Twenty years ago David W. Johnson, who was then CEO of Campbell Soup Co., wrote an article in this journal imploring boards to globalize their memberships (see accompanying excerpt). Most U.S. boards, he noted, had only U.S. citizens as directors even though they oversaw companies leading a "crusade to convince billions of [international] consumers to buy American goods and services."
Today the crusade continues. Providers of U.S. goods and services are still aggressively looking for creative ways to tap 7 billion consumers abroad. The governance issue Johnson raised also persists, as relatively few U.S. boards have directors who are non-U.S. citizens. If Johnson were writing this article today--he passed away in June at the age of 83--he would emphasize anew how this narrowness hamstrings boards strategically, limiting their "cross-cultural insight" and ability to provide "wise counsel."
Johnson saw globalization as the most challenging issue for boards of two decades ago. The natural extension of this today is diversification-- the need for boards to have directors who represent and reflect their constituents not only geographically but also from the perspective of race, gender, age, backgrounds, and so forth.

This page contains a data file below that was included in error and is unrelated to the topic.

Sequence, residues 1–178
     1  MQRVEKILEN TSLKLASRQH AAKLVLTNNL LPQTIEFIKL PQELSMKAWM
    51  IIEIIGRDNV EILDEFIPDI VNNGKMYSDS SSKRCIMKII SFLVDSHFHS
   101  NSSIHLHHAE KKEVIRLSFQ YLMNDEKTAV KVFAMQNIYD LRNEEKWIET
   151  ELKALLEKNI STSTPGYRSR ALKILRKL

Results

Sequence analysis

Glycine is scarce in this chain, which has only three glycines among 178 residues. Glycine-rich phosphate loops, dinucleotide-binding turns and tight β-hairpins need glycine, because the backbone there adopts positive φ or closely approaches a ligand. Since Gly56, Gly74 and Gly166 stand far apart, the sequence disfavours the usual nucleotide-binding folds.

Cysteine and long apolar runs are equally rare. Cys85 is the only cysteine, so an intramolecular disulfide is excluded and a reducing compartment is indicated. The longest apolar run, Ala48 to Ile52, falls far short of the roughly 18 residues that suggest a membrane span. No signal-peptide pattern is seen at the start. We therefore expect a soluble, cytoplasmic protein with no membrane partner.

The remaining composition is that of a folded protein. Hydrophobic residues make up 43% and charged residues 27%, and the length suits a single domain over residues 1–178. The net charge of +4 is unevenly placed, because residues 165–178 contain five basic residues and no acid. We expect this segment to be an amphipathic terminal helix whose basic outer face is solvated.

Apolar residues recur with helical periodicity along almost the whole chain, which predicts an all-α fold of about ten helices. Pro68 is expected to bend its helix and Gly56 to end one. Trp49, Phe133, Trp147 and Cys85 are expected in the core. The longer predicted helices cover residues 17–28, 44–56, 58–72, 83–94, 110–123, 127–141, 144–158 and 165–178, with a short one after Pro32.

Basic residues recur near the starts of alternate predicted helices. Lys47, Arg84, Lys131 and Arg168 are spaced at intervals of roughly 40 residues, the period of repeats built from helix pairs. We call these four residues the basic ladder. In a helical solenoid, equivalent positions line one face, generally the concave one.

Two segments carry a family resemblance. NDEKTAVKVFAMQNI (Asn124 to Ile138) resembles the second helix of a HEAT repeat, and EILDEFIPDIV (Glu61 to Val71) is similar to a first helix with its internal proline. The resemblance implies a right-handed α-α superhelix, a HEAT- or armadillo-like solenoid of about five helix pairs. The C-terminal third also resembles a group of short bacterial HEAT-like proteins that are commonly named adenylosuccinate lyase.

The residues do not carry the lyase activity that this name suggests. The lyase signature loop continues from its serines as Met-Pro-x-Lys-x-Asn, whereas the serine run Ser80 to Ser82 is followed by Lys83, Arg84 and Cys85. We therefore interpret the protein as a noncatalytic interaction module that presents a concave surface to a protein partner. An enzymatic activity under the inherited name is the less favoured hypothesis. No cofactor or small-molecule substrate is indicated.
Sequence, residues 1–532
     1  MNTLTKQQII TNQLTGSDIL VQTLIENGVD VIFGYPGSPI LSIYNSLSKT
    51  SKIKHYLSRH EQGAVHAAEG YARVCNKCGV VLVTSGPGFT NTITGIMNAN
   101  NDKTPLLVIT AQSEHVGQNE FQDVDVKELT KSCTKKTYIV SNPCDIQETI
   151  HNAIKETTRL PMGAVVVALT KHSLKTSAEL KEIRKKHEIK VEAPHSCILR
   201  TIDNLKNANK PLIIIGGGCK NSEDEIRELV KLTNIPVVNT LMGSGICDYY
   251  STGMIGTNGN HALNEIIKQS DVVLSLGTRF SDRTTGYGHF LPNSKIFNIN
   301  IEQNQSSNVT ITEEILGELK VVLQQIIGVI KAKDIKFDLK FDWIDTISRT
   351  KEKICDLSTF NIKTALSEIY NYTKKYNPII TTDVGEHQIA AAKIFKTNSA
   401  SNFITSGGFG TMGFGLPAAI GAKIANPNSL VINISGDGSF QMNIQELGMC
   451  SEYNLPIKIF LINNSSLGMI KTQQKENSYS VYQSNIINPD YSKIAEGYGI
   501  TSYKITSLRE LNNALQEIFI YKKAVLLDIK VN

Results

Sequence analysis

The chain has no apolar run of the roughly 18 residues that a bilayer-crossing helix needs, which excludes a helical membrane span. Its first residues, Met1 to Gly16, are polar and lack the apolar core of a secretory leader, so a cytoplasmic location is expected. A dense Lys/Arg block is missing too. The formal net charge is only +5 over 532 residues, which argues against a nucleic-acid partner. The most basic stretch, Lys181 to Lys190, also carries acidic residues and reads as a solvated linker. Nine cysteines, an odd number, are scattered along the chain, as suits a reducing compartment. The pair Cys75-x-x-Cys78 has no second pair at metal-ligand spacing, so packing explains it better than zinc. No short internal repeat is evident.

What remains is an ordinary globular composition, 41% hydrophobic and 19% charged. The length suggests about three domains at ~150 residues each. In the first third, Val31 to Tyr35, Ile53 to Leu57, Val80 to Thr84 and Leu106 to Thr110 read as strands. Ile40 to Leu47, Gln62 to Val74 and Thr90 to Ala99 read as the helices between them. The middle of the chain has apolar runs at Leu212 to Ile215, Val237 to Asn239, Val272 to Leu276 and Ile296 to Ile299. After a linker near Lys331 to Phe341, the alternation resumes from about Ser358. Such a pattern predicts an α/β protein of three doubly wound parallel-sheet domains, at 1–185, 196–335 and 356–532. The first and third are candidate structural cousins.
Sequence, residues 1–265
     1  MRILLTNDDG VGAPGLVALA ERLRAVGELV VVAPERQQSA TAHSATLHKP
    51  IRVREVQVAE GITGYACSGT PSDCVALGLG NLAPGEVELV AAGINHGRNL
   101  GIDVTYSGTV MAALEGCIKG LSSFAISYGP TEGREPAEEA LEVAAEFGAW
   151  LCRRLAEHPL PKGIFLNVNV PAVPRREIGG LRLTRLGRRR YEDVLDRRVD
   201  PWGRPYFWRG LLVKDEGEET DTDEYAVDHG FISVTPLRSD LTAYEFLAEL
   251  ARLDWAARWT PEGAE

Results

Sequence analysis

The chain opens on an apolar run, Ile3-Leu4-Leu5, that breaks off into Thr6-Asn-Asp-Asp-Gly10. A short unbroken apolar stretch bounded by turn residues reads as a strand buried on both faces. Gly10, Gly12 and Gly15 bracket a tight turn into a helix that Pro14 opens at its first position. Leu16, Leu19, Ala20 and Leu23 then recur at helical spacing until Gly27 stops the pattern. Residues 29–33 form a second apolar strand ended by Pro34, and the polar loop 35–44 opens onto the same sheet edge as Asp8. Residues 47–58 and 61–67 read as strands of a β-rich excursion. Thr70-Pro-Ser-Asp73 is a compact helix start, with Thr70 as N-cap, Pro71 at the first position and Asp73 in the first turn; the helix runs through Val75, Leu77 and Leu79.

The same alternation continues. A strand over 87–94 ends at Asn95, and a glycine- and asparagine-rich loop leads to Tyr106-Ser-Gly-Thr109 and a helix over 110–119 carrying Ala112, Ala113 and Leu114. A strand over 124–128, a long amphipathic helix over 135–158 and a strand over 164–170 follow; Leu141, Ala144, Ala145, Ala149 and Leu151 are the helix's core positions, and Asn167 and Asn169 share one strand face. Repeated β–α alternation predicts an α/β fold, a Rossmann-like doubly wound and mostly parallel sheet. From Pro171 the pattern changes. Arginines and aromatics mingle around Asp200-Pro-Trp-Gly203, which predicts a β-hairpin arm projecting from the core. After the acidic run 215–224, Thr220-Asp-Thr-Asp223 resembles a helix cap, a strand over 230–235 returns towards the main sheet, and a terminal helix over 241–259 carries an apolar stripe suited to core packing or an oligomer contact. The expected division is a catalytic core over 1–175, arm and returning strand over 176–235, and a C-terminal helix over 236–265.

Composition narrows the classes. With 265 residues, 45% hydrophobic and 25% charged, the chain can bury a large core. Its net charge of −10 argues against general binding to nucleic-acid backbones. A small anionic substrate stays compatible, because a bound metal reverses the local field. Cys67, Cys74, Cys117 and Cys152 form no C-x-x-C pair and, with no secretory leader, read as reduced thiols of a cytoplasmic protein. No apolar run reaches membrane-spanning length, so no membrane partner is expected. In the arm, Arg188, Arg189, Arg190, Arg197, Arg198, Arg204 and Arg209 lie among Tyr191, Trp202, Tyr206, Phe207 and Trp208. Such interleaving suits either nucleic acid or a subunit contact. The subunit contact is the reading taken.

A recent Financial Times study says that U.S. boards are mostly still "male, stale, and frail." I think that claim is exaggerated, but the point is that boards can continue to shake up their memberships. A National Association of Corporate Directors (NACD) Blue Ribbon Commission on the Diverse Board put it this way: "Boards now have a choice: maintain the current course and risk being left behind, or restructure board composition and operate at peak efficiency."
Why are boards still not global enough or diverse enough if there is a business rationale? One reason, the Financial Times authors noted, was that U.S. boards have longer average tenures for directors than overseas counterparts...